It seems that, finally, the light at the end of the pandemic tunnel is in sight—at least in some parts of the world.

Charting a safe and effective road map for future corporate travel requires all players to collaborate. Key players in the ecosystem—suppliers (including airlines, hotels, car-rental and rideshare companies), corporate-travel planners, travel intermediaries such as online travel agencies (OTAs), global-distribution-system (GDS) providers, and travelers themselves—need to master four critical skills: leveraging real-time data, planning with agility, aiming for comfort and safety, and communicating with clarity.

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Leverage real-time data

Planning for the future can feel like flying through a fog of uncertainty, which makes it even more important for players to leverage real-time data to inform their decision-making. Organizations could invest in data capabilities to identify and monitor the first signs of an acceleration in business travel.

OTAs and GDS providers may be worth exploring as new data sources. Travel intermediaries such as these are uniquely situated to provide aggregate data for each industry. Many corporate travel planners are also concerned about the fluctuations in the cost and availability of tickets, given the volatility of flight schedules during this time. Intermediaries can provide data that suggest which flights are more likely to stay on an airline’s schedule, helping clients build more agility into their decision-making. Intermediaries may be able to create a new revenue stream from these data.

Real-time data also helps suppliers of corporate travel, such as air carriers and hotels, become more agile. As corporate travel returns, these suppliers will need to deploy the right resources in real-time to match demand, which may shift abruptly.

Embed agility into planning

It pays to have a detailed plan and strategy for different recovery scenarios in place. When demand picks up, many firms may find that they don’t have the time to pause and think through their strategies.

When it comes to organizing business trips for employees, corporate-travel planners will need to take into account four considerations:

  • First, the factors that affect whether corporate travel should increase: for example, local and regional infection levels, customer demand, and competitive actions.
  • Second, the relevant data sources used to evaluate these factors: public-health indicators, customer surveys, data from travel partners on industry trends and competitor behavior, and real-time pricing from GDSs consistent with typical corporate agreements, even as airline-fare classes go through realignments.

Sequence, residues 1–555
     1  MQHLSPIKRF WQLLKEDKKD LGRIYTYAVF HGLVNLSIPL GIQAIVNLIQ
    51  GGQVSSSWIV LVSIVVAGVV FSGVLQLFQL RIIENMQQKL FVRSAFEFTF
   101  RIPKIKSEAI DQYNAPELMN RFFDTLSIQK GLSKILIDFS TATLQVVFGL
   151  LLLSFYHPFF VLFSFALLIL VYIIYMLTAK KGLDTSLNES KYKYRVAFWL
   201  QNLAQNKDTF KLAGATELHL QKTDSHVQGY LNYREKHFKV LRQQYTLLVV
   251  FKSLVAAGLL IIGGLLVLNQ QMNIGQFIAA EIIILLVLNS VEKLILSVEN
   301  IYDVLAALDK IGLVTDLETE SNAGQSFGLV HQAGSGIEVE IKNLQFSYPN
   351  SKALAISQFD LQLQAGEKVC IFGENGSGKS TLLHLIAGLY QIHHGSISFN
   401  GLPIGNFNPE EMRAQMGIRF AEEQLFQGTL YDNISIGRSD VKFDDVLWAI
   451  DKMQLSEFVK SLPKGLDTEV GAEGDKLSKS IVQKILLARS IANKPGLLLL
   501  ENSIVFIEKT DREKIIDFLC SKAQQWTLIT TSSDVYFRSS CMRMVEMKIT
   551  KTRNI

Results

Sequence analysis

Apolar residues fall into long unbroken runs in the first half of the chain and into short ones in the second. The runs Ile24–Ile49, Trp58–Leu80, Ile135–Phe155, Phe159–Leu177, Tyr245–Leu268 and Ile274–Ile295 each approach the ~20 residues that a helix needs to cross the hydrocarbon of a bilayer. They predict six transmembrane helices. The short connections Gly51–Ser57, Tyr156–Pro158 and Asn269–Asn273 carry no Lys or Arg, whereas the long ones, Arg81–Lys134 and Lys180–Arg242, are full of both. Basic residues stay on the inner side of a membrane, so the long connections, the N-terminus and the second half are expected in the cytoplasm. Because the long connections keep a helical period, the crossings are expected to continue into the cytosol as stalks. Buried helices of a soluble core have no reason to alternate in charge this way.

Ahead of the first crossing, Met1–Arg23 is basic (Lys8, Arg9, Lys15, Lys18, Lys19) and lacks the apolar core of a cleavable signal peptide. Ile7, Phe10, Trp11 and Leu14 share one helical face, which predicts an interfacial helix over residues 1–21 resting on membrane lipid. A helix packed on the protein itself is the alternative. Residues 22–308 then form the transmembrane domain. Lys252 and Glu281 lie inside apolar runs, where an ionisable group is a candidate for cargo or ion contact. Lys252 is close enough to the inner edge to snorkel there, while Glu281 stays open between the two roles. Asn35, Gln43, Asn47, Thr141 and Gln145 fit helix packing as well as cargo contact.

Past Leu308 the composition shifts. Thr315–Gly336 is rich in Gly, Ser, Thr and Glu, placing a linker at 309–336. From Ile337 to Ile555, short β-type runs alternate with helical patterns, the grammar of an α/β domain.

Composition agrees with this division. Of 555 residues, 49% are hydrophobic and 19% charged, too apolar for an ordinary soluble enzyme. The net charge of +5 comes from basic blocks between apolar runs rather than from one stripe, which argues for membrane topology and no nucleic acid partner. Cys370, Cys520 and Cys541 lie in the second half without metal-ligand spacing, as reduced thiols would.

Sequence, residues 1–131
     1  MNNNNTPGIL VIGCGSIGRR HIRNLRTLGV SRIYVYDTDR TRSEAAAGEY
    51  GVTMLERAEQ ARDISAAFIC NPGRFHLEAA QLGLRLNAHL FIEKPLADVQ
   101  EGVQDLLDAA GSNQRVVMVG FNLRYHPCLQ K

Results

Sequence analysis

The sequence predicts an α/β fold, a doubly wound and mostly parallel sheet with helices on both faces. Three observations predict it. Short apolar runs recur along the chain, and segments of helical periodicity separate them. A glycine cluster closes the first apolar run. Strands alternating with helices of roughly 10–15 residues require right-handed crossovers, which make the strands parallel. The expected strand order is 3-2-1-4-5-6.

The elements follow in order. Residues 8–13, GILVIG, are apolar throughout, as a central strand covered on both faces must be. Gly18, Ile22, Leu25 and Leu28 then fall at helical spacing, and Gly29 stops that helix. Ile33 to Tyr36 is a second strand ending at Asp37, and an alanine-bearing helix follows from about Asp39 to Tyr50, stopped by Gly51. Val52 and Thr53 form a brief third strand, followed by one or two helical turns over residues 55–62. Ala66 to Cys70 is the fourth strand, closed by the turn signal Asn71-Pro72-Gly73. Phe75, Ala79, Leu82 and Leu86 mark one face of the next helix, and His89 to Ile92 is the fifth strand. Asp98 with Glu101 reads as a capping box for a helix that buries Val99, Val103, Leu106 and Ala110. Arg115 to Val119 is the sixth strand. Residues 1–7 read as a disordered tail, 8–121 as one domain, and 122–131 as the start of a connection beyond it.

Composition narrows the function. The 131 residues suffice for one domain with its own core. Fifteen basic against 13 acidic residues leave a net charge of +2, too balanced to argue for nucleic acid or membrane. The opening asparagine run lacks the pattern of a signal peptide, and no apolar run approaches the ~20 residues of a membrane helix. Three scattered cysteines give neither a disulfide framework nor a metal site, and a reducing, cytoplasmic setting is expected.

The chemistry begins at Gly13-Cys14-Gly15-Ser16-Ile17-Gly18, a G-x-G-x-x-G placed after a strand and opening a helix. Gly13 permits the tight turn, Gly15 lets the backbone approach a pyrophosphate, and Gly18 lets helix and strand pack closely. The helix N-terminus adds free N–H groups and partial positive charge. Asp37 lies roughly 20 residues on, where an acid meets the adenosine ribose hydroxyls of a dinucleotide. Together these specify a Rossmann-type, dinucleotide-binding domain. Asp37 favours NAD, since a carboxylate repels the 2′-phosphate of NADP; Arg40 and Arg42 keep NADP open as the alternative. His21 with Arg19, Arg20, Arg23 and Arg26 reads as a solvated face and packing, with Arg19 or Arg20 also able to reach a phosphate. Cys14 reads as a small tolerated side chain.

• Third, company policies on business travel: What distance-based policies should staff adhere to? Should they use rental cars, rideshares, taxis, or flights? When should they wear masks or engage in group gatherings? How (and should) companies distinguish between what activities vaccinated and unvaccinated employees can participate in?
  • Fourth, the information needed by travelers including websites, travel help desks, and messaging.

Personalize experiences based on safety and comfort

Safety and comfort are crucial elements in the travel experience, and they can sometimes pull in opposite directions. More can be done to bridge this gap. Both employers and travel companies could find ways to give passengers peace of mind and improve comfort and convenience. The guiding principle here is giving the traveler greater control over decisions that affect their sense of comfort and security.

For instance, airlines can personalize flight experiences by improving the functionality of their mobile apps to allow passengers to preorder their meals and snacks or make special requests. Hotels may let guests decide on the frequency and timing of housekeeping.

Communicate with clarity

Even the most seasoned travelers have to accept that traveling has changed. Masks have become ubiquitous, and border restrictions, boarding procedures, and hygiene requirements seem to be ever-changing. It’s critical that organizations communicate clearly what their corporate-travel policies are at any given moment in time, for every stage of the journey—from pre- to post-trip.

It helps for organizations to be extra proactive in communicating any type of change, whether regarding company-wide strategic policies or more granular details such as the company’s preferred rideshare or car-rental options for corporate travel. When changes in operations are made, companies can take special care to ensure the availability of amenities. Employees, too, will go through an adjustment period as they resume their business trips.

Source: McKinsey & Company

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